“Many people believe that race is no longer a significant issue in the United States,” says Sarah Rusche, a Ph.D. candidate in Sociology at NC State and co-author of a paper describing the study. “But the fact that a third of servers admit to varying their quality of service based on customers’ race, often giving African-Americans inferior service, shows that race continues to be an issue in our society.”
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The researchers wanted to determine to what extent a customer’s race affects the way in which they are treated at a restaurant so they surveyed 200 servers, about 86 percent of them were white, at 18 full-service chain eateries in central North Carolina. The survey revealed that 38.5 percent of the servers adjusted their quality of service based on the customer’s race.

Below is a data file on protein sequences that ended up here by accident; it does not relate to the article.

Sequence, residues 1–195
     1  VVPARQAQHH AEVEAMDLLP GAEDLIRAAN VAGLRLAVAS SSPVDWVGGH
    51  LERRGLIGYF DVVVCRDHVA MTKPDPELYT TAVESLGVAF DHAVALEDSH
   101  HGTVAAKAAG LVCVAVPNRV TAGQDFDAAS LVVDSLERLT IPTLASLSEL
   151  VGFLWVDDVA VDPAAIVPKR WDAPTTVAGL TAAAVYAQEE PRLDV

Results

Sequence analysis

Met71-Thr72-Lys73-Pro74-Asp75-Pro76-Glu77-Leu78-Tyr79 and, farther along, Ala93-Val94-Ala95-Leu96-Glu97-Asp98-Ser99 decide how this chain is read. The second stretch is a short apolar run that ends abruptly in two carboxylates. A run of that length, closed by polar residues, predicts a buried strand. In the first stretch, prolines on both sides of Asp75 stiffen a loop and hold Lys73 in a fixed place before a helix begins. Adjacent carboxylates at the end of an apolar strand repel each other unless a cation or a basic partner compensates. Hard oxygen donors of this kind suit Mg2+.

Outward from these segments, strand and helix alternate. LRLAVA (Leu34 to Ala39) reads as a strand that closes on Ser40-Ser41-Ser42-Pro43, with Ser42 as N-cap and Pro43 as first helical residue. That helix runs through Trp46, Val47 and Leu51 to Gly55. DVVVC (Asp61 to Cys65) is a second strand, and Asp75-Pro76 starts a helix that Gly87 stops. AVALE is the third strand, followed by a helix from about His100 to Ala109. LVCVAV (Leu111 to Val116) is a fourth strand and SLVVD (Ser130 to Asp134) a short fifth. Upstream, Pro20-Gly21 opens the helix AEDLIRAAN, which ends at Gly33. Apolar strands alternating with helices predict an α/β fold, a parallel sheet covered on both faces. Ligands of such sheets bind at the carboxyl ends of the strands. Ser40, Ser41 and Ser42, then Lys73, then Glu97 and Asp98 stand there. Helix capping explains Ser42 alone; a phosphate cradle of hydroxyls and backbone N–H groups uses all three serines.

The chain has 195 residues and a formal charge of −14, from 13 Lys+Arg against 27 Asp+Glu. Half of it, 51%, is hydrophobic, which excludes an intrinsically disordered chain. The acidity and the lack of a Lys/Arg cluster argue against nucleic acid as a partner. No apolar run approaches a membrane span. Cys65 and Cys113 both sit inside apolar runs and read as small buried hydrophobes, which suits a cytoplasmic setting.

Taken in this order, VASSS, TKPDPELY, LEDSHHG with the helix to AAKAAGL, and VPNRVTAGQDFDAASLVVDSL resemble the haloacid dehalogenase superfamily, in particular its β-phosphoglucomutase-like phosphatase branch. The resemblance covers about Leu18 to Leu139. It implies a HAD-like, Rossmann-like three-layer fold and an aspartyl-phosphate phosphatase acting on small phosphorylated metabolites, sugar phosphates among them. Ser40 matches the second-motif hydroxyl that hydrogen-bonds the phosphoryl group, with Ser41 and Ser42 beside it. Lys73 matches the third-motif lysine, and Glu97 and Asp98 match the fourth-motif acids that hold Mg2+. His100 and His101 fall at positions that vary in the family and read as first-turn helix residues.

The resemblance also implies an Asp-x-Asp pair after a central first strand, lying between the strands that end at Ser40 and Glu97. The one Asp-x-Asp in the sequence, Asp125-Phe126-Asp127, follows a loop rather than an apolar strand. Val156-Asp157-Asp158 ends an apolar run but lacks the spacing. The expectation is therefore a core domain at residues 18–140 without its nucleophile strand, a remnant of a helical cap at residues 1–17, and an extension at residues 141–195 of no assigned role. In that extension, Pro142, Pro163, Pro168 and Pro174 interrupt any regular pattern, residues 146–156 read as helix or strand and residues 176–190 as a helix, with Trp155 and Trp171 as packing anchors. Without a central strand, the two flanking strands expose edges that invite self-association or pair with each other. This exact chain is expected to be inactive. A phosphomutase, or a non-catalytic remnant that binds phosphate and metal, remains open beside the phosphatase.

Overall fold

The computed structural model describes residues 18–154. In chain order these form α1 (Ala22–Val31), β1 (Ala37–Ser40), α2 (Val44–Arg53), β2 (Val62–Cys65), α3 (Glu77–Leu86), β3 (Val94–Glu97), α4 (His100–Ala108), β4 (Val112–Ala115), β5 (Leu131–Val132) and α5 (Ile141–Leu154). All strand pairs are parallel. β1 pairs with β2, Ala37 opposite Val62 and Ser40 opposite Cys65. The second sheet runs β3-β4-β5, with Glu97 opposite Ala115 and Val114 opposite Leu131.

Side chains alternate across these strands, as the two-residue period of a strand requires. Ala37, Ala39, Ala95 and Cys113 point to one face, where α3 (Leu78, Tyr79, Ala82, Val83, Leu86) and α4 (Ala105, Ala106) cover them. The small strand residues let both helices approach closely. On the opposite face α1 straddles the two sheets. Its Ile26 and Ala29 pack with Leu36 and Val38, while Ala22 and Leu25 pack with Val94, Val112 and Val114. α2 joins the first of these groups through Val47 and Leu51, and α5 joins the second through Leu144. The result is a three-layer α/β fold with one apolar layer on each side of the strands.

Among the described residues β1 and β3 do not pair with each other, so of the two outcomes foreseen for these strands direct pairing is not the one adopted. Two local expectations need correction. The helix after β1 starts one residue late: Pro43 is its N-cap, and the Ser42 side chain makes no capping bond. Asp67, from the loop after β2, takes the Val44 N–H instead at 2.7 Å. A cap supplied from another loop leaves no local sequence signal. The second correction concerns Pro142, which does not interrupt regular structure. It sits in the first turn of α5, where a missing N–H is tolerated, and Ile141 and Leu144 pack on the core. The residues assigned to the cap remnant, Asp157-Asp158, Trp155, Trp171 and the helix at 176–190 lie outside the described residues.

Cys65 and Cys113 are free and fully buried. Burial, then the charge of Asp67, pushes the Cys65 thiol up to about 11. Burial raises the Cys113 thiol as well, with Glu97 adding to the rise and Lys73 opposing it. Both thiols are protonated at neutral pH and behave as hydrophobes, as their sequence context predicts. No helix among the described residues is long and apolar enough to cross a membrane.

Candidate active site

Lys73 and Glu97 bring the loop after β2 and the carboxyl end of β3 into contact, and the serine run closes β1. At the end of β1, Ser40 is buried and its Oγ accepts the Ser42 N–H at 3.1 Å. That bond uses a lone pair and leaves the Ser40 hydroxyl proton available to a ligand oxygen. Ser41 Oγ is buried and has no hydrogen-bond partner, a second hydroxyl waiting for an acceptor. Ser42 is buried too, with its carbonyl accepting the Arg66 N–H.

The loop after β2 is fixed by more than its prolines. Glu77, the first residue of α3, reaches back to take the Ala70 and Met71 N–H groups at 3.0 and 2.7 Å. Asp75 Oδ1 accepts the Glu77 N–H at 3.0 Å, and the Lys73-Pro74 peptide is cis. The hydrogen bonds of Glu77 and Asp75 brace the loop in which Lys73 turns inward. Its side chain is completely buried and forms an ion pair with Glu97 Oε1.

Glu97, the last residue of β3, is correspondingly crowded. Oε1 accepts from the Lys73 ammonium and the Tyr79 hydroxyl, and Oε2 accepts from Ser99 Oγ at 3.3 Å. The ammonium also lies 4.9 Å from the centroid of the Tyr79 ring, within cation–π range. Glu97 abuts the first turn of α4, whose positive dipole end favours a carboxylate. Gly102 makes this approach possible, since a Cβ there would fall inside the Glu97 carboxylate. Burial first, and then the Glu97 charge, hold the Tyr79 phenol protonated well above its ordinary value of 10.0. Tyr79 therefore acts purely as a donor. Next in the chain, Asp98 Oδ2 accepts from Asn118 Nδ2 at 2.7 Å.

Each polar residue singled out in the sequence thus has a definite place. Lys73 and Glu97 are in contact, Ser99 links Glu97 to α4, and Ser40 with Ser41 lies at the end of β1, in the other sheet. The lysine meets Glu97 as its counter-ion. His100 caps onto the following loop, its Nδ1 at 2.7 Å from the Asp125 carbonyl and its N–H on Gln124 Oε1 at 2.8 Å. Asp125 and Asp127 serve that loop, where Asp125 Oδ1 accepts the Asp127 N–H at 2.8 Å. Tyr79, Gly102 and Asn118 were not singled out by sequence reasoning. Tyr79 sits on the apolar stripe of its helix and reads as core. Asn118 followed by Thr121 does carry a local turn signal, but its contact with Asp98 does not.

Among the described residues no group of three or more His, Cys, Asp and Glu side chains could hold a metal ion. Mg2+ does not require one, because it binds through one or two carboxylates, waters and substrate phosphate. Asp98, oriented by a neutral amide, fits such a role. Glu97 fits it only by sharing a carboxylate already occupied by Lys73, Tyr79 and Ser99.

The survey also found that 52.8 percent of servers reported seeing other wait staff discriminate against African-American customers by giving them poor service at least some of the time.
Racism is even more pervasive behind the scenes at restaurants as the study also indicated that anti-Black perceptions about their patrons was thoroughly discussed among waiters. Only a mere 10.5 percent reported never engaging in or observing racial discourse.
The study’s findings indicate that many servers perceive African Americans as being rude and/or poor tippers, suggesting that black patrons, in particular, are likely targets of servers’ self-professed discriminatory actions.
“’Tableside racism’ is yet another example where African Americans are stereotyped and subsequently treated poorly in everyday situations,” says Rusche. “Race continues to be a significant barrier to equal treatment in restaurants and other areas of social life.”